CBS LEADS CONVENTION COVERAGE
Each of the three major networks' coverage of Day One of the Democratic National Convention predictably drew few viewers Monday. Somewhat surprising, howeever, was the fact that CBS, the network that draws the smallest audience for its nightly newscast, pulled the biggest ratings for its convention coverage -- a 4.2 rating and a 7 share. On the other hand, ABC, which recently became the leader among the nightly news contenders, ranked last with the convention, scoring just a 2.8/5. NBC averaged a 3.3/6. Lead-ins appeared to be the controlling factor, with CBS's 9:00 p.m. CSI: Miami scoring the highest numbers for the night -- a 7.1/12. NBC placed second in the 9:00 hour with a 3.7/16, while ABC wound up last with a 3.2/6.
NBC LAUNCHES CELL-PHONE NEWSCASTS
With little fanfare, NBC on Monday began transmitting two-minute-long video newscasts to cell phone users with video compatibility. In an internal memo to NBC News staff, disclosed by the online site TVNewser (accessible through MediaBistro.com), NBC News Vice President Bill Wheatley said that the newscasts, which will initially be provided to Sprint customers, will be updated several times a day. "The overall service is called NBC Mobile and will eventually include material from other NBC entities. We expect it to develop into an increasingly important part of what we do," Wheatley's memo said.
TNT DOES DYNAMITE BUSINESS FOR TIME WARNER
Boosted by the increasing popularity of its TNT network, which now leads all other cable networks in ratings, according to Nielsen Research, Time Warner plans to report its sixth consecutive quarterly profit on Wednesday, some $533 million on $1.7 billion in net income. Bloomberg News reported today (Tuesday) that the company's cable networks, acquired during the merger with Turner Broadcasting, now account for 11 percent of the company's revenue and 14 percent of its operating income. Nevertheless, its AOL unit continued to blemish the company's overall financial portrait as its subscriber base continued to decline -- with some 650,000 exiting in the last quarter alone. Hoping to stem the exodus, AOL is planning to provide its broadband customers the ability to preview new shows airing in the fall on the WB Network. PC users will be able to watch the initial episode of Jack & Bobby on their computers two weeks before the show actually goes on the air in September, the company said.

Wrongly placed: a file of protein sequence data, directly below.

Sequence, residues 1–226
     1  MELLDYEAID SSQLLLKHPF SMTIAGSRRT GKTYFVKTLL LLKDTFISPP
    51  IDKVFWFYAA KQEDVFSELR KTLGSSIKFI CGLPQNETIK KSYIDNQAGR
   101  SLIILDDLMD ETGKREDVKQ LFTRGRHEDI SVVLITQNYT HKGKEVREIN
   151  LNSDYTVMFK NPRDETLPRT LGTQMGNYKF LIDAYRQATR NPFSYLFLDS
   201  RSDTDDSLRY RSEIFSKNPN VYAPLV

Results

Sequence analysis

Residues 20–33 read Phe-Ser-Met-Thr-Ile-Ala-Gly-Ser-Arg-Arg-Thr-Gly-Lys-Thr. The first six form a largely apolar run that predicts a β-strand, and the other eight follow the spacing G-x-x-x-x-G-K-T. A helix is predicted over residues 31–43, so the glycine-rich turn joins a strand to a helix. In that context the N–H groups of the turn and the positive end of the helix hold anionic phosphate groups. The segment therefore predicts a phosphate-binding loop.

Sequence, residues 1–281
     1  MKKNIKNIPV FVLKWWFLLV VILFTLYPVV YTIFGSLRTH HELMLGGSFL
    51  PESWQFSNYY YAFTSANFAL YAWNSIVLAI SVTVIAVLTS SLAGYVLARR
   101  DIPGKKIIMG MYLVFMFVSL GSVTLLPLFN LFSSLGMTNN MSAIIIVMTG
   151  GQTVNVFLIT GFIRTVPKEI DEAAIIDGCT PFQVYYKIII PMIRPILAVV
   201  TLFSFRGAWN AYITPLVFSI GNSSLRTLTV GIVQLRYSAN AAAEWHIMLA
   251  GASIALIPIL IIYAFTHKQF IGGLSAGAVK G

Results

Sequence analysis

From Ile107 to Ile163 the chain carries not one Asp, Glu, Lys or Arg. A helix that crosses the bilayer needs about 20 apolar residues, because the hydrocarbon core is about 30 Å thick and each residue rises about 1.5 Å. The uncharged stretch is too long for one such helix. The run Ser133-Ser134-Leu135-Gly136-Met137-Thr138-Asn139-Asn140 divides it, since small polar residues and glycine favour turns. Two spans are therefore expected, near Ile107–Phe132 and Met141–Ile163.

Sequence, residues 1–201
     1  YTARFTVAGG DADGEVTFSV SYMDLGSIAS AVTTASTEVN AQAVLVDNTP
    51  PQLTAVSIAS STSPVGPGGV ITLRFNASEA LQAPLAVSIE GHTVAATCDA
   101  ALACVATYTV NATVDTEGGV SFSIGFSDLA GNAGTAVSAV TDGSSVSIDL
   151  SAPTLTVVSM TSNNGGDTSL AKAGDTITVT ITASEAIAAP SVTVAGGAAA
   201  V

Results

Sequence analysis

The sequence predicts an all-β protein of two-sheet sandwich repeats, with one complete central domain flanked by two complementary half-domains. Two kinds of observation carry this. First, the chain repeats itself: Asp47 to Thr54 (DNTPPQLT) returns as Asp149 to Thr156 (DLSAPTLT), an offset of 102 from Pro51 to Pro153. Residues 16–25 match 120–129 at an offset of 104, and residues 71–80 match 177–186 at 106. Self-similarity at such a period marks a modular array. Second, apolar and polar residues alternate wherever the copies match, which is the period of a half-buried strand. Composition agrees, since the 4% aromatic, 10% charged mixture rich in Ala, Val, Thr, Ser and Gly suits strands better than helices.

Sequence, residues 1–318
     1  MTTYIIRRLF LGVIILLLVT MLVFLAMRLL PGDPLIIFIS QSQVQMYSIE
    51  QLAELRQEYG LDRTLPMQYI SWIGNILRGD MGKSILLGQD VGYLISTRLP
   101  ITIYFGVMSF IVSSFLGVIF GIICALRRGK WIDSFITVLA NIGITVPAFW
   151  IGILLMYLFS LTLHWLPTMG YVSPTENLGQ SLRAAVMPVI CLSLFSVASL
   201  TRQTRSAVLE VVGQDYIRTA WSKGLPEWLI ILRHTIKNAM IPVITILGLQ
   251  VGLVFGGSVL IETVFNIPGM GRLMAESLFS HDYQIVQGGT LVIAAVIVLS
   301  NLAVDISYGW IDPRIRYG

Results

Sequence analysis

AILES ATTEMPTS TO OUTFOX CRITICS
Fox News Channel Chairman Roger Ailes has fired back at the growing number of liberal critics who have accused the news channel of conservative and Republican bias. In an interview with Broadcasting & Cable, Ailes said the critics "drove our ratings up 10 percent" and maintained that "their assumption is people made us No. 1 because people are stupid." He expressed outrage over Robert Greenwald's documentary Outfoxed, in which he used Fox News Channel's footage. If such use should become widespread, he said, "We could take a month's worth of video from CNN International and do a documentary 'Why does CNN hate America?' You wouldn't even have to do the hatchet job Outfoxed was. You damn well could run it without editing. CNN International, Al-Jazeera and BBC are the same in how they report -- mostly that America is wrong and bad." (Al-Jazeeera also got the back of the hand from Democrats on Monday. Reuters reported that the Democrats ordered the Arab news channel to remove a $30,000 banner hanging from its skybox at the Democratic convention "for aesthetic reasons." It was replaced with one for JohnKerry.com.)
DUMPED CSI STARS RETURN TO THE FOLD
CBS confirmed on Monday that Jorja Fox and George Eads has been reinstated as members of the cast of CSI: Crime Scene Investigation. Reuters reported that the pair had agreed to give up their demand to receive a salary hike before the expiration of their contract. "We are thrilled that both Jorja and George could work things out with CBS and return to the show," CSI producers Jerry Bruckheimer and Carol Mendelsohn said in a statement.
NBC ASSIGNS A NET VALUE TO GREEK JUNKETS
People in the entertainment and related businesses who accept junket invitations without reporting them on their tax forms may have been in for a shock Monday when NBC announced that it plans to place an explicit value on the junkets it is providing to Summer Olympics advertisers and media buyers in Greece this year. The online MediaDailyNews commented Monday that the development "could expose NBC's Olympic guests to thousands of dollars of personal income tax liability and could have a chilling effect on the gifts, chachkas [trinkets], entertainment and travel boondoggles that are commonly bestowed on buyers by media companies in exchange for being good customers."